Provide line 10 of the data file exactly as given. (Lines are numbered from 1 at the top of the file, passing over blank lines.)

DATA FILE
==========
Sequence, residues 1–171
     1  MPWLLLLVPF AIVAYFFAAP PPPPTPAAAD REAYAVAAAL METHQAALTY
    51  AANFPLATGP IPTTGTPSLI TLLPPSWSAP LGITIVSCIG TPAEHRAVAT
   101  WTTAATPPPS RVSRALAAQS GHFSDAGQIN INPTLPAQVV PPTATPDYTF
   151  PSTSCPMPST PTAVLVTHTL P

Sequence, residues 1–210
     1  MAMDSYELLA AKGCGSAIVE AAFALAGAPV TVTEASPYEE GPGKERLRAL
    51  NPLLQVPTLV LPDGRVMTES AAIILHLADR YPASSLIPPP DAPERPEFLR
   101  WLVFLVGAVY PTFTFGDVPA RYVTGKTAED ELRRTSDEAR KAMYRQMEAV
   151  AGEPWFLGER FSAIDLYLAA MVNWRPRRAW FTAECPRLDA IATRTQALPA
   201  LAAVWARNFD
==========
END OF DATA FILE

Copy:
   151  AGEPWFLGER FSAIDLYLAA MVNWRPRRAW FTAECPRLDA IATRTQALPA